And this, it strikes me, is a major problem.  Let’s assume that the follow-up posts, in each case, cleared up all the potential misunderstandings and dealt with all the objections (I don’t think, in fact, they did in either case, but leave that aside).  First, the fact that such follow-ups were necessary is still probably evidence that something had gone seriously awry in the initial salvos.  To be sure, that isn’t necessarily the case.  It’s possible for people to take offense when none has been given, or to misunderstand and misrepresent what has been very clearly set forth.  But when you have a large number of intelligent charitable folks who know your work quite well taking offense or misunderstanding your target, then odds are, you didn’t put things as clearly as you should.  Especially if you admit that you were intentionally being rhetorically edgy.  So such follow-up posts need to strike a more penitential tone.

Second, even if the follow-up clears everything up, that doesn’t mean, “Ok, we’re all good now.”  There seem to be a lot of bloggers out there (and I’ll be the first to admit I used to be one of them, and still can get worked up and fall prey to the temptation) who think they can be as provocative as they want at the front end, so long as they’re ready to qualify and clarify and soften things later on.  Unfortunately, the medium doesn’t work that way.  You can’t throw a verbal grenade into a crowded e-audience and just plan to clean up the pieces afterward anymore than you can throw a real grenade into a crowded audience so long as you have paramedics on hand nearby.  The fact is that follow-up posts almost never get anything like the hit count of the original post.  Even after the follow-up has been posted, there are still plenty of people out there sharing and re-sharing the original and taking offense at it (or using it as ammo to generate offense, just as likely) heedless of all the ex post facto qualifications.  Moreover, studies show that our minds have a very difficult time forgetting first impressions and overwriting them with subsequent corrections.  Like it or not, your first take is likely to stick in most people’s minds, especially given that it is going to be the more rhetorically explosive and the more likely to appeal to those of short attention span.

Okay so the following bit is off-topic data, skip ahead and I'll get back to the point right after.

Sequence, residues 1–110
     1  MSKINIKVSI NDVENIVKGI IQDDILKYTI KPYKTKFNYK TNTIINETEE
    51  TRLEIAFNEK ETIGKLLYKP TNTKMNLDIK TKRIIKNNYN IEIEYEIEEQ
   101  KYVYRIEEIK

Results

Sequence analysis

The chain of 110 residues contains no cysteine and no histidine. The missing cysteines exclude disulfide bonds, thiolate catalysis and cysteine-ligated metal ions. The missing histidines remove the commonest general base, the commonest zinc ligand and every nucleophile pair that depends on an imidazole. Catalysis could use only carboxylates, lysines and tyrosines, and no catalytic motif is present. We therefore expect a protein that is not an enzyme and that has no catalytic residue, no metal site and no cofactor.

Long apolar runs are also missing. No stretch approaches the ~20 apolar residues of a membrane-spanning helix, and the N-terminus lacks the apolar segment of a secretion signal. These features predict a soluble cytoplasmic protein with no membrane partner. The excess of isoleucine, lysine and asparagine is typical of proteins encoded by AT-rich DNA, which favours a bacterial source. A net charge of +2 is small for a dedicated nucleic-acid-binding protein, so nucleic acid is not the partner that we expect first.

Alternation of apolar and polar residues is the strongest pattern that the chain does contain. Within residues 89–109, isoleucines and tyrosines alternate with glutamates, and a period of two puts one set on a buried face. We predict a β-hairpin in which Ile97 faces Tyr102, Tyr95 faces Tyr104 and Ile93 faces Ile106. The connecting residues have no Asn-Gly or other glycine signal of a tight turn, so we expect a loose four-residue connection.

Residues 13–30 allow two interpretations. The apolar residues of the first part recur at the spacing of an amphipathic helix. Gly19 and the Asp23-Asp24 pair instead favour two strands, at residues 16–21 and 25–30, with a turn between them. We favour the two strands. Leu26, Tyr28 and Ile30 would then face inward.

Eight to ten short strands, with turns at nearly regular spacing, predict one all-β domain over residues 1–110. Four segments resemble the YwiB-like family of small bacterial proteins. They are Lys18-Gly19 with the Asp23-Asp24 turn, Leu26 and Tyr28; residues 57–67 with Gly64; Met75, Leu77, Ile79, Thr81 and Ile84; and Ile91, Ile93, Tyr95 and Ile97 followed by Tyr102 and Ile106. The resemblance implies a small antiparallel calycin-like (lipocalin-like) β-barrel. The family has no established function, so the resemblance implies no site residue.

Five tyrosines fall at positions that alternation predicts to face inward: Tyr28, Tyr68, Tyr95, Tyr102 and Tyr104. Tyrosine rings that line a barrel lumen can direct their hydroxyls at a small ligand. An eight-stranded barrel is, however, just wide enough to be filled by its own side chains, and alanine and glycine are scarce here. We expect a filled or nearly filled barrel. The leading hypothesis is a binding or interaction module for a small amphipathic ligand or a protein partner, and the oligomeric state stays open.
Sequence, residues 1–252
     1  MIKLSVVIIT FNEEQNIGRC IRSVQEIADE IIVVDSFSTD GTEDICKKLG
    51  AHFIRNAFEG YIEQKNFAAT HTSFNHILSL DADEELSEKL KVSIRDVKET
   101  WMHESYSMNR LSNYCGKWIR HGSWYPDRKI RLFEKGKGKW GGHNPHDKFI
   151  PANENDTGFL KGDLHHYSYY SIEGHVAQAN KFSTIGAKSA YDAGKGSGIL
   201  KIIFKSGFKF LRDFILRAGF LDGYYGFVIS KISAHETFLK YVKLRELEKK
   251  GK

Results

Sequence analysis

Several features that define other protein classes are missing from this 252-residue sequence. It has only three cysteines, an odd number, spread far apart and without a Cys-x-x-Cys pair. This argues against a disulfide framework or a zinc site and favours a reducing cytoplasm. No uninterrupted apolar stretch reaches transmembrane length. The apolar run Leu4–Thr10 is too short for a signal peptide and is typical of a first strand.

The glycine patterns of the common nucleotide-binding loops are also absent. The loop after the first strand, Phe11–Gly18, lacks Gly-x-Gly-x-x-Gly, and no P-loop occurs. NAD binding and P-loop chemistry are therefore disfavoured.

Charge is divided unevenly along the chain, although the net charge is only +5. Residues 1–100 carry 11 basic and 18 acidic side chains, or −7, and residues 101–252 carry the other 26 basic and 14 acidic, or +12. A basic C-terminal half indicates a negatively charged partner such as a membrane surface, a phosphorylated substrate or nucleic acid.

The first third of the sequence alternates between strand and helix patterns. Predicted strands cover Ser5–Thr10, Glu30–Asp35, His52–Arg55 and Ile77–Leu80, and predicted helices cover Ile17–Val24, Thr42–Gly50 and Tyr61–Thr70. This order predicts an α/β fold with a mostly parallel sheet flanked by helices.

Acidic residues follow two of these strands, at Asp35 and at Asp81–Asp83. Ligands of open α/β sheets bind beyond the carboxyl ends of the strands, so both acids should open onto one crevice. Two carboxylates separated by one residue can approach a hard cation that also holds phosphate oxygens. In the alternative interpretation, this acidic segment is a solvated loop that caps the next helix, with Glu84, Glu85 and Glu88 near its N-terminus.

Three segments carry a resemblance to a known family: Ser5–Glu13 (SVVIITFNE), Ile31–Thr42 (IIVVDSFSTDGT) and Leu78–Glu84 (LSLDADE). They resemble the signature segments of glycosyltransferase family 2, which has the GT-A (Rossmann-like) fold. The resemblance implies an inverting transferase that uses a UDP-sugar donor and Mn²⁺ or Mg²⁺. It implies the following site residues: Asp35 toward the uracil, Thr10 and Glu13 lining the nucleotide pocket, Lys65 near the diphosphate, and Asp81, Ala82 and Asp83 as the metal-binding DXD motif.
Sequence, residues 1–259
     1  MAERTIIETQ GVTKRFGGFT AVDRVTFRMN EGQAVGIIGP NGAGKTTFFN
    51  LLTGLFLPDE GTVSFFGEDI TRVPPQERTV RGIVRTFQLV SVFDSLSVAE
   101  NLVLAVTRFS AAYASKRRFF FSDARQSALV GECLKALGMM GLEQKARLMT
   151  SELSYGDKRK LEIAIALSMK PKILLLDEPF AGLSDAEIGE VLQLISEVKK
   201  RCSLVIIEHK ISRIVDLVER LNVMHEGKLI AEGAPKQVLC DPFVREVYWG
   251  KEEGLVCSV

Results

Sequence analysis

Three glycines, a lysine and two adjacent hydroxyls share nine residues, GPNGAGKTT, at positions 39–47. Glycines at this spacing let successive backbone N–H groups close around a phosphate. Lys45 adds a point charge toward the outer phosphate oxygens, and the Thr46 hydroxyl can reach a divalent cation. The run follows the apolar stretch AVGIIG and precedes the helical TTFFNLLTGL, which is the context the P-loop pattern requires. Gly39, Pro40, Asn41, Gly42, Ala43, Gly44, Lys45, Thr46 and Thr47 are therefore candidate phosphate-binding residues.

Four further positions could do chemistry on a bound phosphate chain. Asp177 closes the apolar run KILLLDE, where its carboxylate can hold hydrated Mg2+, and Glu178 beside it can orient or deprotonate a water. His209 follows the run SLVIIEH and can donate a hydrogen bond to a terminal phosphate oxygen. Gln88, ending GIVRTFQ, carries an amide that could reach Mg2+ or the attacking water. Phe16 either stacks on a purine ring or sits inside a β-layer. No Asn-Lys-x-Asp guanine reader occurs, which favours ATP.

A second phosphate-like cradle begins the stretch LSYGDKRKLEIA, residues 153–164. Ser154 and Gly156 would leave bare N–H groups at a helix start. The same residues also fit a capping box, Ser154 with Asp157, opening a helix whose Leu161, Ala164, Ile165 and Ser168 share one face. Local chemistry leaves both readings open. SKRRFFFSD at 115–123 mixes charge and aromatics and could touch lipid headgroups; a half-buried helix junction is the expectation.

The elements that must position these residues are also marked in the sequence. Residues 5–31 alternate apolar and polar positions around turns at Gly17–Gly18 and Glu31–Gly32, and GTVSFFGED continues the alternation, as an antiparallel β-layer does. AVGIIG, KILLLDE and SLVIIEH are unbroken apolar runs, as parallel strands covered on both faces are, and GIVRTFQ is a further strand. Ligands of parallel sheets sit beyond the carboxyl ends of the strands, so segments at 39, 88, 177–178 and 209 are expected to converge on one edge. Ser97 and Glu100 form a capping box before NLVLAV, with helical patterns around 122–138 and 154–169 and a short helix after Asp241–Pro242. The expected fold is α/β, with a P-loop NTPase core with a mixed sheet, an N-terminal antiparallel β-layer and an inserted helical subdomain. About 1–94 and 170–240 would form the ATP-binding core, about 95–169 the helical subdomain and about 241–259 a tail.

So, all of that to say, adding clarifications after the fact is nice, but it’s a heck of a lot nicer to speak clearly in the first place.